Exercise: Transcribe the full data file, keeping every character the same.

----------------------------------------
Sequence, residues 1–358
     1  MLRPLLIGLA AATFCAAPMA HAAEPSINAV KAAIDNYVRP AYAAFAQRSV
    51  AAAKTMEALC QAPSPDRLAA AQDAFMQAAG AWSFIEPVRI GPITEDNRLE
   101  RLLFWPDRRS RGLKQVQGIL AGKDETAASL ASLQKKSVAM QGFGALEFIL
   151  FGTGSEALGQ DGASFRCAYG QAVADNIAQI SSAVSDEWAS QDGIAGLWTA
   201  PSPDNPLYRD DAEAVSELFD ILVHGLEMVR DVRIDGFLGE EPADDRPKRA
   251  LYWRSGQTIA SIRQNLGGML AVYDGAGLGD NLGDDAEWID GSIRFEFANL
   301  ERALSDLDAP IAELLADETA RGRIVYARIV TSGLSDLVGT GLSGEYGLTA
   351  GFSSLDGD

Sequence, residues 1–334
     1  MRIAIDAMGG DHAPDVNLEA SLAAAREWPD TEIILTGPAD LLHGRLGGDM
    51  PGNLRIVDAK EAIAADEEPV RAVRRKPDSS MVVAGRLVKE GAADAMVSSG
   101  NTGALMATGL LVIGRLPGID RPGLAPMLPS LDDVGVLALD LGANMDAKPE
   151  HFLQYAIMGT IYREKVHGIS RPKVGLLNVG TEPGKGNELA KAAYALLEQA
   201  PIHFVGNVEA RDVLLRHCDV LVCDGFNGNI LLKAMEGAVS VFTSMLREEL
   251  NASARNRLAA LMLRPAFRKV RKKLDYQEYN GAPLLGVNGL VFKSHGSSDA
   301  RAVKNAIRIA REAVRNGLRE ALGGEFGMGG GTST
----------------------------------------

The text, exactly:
Sequence, residues 1–358
     1  MLRPLLIGLA AATFCAAPMA HAAEPSINAV KAAIDNYVRP AYAAFAQRSV
    51  AAAKTMEALC QAPSPDRLAA AQDAFMQAAG AWSFIEPVRI GPITEDNRLE
   101  RLLFWPDRRS RGLKQVQGIL AGKDETAASL ASLQKKSVAM QGFGALEFIL
   151  FGTGSEALGQ DGASFRCAYG QAVADNIAQI SSAVSDEWAS QDGIAGLWTA
   201  PSPDNPLYRD DAEAVSELFD ILVHGLEMVR DVRIDGFLGE EPADDRPKRA
   251  LYWRSGQTIA SIRQNLGGML AVYDGAGLGD NLGDDAEWID GSIRFEFANL
   301  ERALSDLDAP IAELLADETA RGRIVYARIV TSGLSDLVGT GLSGEYGLTA
   351  GFSSLDGD

Sequence, residues 1–334
     1  MRIAIDAMGG DHAPDVNLEA SLAAAREWPD TEIILTGPAD LLHGRLGGDM
    51  PGNLRIVDAK EAIAADEEPV RAVRRKPDSS MVVAGRLVKE GAADAMVSSG
   101  NTGALMATGL LVIGRLPGID RPGLAPMLPS LDDVGVLALD LGANMDAKPE
   151  HFLQYAIMGT IYREKVHGIS RPKVGLLNVG TEPGKGNELA KAAYALLEQA
   201  PIHFVGNVEA RDVLLRHCDV LVCDGFNGNI LLKAMEGAVS VFTSMLREEL
   251  NASARNRLAA LMLRPAFRKV RKKLDYQEYN GAPLLGVNGL VFKSHGSSDA
   301  RAVKNAIRIA REAVRNGLRE ALGGEFGMGG GTST